Eight dairies use rotary gravity filler-cappers from Federal Mfg., and five are new. Most of the Federal machines use 26 heads and produce 250 bottles/min. “Many of the dairies were already familiar with the Federal units, and their personnel were experienced with them,” responds Allen when asked why Federal fillers were selected. Bottles are blow-molded by various suppliers, including CKS Packaging.
The 38-mm injection-molded polypropylene closures are from Portola Packaging. The closures provide tamper evidence, says Allen, in the form of a “drop band” that remains on the bottle when the bottle is opened. Two of the dairies are Dean Foods plants. They use Dean’s patented Milk Chug bottles. Reportedly, Phoenix Closures supplies the caps used on the Milk Chug bottles.
Videojet was selected to provide ink-jet coding equipment for most of the dairies. Interestingly, McDonald’s preferred that codes be printed onto the top of the closures. That makes it easy for consumers to read the use-thru date. A plant code, production time, and other manufacturing details are also printed in the two-line black code.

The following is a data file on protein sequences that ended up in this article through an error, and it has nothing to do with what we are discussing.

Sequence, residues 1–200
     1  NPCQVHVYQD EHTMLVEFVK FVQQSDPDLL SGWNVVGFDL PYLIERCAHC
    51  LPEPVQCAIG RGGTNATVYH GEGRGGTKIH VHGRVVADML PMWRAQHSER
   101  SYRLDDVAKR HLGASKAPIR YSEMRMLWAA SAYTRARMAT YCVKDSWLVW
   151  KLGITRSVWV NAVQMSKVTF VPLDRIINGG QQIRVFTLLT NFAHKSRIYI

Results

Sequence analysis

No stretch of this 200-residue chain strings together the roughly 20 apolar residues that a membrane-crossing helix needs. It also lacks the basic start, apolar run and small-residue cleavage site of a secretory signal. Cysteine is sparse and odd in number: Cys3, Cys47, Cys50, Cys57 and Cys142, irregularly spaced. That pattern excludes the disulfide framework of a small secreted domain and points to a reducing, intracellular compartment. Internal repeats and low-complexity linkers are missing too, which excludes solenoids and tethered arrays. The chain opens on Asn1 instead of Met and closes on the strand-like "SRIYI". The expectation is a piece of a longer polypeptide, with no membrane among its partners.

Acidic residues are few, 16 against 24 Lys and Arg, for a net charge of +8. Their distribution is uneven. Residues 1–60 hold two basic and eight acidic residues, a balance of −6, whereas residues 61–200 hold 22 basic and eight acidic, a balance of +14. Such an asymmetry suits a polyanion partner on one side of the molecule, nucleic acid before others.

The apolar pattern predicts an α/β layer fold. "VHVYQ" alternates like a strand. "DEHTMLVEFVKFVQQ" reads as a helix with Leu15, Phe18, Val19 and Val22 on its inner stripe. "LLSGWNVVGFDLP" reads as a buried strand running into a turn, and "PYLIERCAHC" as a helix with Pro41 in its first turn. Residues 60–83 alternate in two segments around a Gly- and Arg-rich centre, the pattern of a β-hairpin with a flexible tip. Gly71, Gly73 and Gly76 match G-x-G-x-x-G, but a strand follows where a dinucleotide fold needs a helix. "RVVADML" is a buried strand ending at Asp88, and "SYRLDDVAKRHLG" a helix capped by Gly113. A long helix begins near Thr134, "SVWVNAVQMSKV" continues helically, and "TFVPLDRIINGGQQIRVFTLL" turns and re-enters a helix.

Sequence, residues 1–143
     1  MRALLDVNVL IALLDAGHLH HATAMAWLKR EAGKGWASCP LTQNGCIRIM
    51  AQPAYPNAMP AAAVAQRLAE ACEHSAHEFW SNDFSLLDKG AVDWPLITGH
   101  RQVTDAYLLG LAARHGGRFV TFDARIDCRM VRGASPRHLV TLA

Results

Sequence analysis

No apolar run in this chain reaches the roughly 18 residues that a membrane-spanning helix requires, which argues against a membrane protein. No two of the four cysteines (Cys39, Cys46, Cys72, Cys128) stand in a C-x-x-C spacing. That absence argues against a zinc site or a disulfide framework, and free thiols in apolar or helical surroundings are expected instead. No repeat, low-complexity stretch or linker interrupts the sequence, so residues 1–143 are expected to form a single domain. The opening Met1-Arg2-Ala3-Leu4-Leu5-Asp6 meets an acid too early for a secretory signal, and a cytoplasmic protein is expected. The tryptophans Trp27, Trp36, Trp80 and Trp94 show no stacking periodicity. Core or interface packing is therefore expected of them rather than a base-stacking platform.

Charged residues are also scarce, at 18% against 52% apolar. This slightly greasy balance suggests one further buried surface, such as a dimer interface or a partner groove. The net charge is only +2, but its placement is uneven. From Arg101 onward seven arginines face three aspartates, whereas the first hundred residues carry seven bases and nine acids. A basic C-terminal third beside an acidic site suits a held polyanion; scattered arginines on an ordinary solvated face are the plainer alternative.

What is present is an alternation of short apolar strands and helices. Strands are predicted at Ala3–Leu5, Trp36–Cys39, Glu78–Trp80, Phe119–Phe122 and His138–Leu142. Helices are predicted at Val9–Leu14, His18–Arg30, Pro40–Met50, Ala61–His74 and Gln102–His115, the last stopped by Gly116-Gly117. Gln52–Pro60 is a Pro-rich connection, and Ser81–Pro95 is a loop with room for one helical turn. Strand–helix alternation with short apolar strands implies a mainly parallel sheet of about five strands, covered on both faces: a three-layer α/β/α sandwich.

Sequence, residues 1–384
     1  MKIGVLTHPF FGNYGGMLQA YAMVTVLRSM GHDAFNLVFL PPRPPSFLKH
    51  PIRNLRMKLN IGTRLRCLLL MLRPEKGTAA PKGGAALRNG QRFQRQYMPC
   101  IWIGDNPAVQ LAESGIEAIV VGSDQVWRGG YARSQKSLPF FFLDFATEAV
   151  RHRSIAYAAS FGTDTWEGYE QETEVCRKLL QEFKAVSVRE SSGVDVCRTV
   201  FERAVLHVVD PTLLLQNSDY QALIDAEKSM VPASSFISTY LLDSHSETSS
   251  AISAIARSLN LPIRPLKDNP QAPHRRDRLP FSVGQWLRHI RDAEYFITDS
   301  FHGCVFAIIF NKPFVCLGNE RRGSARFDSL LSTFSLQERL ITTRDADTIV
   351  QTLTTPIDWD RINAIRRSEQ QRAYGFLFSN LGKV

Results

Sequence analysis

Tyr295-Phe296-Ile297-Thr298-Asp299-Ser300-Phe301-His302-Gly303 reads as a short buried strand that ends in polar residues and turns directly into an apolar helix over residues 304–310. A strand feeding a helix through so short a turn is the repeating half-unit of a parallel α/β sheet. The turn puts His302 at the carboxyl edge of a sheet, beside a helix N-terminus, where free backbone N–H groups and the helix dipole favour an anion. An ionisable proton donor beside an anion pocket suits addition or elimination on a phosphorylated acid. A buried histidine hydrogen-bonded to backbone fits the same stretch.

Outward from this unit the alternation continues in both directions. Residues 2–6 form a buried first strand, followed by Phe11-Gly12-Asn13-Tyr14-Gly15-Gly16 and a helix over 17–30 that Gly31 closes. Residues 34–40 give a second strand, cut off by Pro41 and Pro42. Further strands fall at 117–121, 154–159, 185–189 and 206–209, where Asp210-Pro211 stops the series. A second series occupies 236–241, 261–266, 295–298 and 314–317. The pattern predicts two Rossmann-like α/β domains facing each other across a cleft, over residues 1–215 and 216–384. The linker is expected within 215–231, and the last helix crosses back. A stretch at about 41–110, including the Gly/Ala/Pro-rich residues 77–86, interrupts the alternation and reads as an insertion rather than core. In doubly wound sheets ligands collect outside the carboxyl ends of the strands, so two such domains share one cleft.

Downstream, at six of the nine dairies, are Spot-Pak® systems from Delkor Systems. Three of the six dairies purchased new systems for the McDonald’s bottles. They use a corrugated tray or flat, onto which they apply spot adhesive on the paperboard where 24 bottles are placed. A two-layer unit of 48 bottles is then shrink-wrapped. “This process represents a growing trend in this business,” says Allen.
He notes, “Dairy is moving more and more to plastic for smaller packs,” and McDonald’s is pushing that envelope. Although he says paper enjoys “about a 10-percent price advantage,” the plastic milk bottle only weighs 15 g. The justification, Allen says, is McDonald’s research showing that milk in plastic bottles is purchased at restaurants four times more frequently as was milk in paperboard gable-top cartons.
Customer satisfaction drives change
Customer satisfaction was at the root of McDonald’s change to the single-serve plastic bottle. “We do what is right for our customers,” says McDonald’s Frick. “We are always listening to our customers,” she says. “Based on customer feedback as well as consumer research, we decided to use bottles instead of cartons because [bottles] are easier for kids to hold, they’re resealable, and they allow kids to drink the milk at their leisure versus [milk in] the carton, which needs to be consumed at one time.”
To this point, the results of the decision to change to plastic single-serve bottles for milk has been easy for McDonald’s to swallow.